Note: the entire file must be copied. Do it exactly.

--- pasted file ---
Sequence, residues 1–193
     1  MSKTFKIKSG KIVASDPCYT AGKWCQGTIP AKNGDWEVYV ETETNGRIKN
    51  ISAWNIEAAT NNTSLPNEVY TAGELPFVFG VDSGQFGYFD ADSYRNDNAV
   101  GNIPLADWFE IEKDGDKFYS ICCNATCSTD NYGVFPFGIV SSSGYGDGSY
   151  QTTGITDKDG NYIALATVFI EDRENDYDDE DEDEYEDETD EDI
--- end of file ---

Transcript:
Sequence, residues 1–193
     1  MSKTFKIKSG KIVASDPCYT AGKWCQGTIP AKNGDWEVYV ETETNGRIKN
    51  ISAWNIEAAT NNTSLPNEVY TAGELPFVFG VDSGQFGYFD ADSYRNDNAV
   101  GNIPLADWFE IEKDGDKFYS ICCNATCSTD NYGVFPFGIV SSSGYGDGSY
   151  QTTGITDKDG NYIALATVFI EDRENDYDDE DEDEYEDETD EDI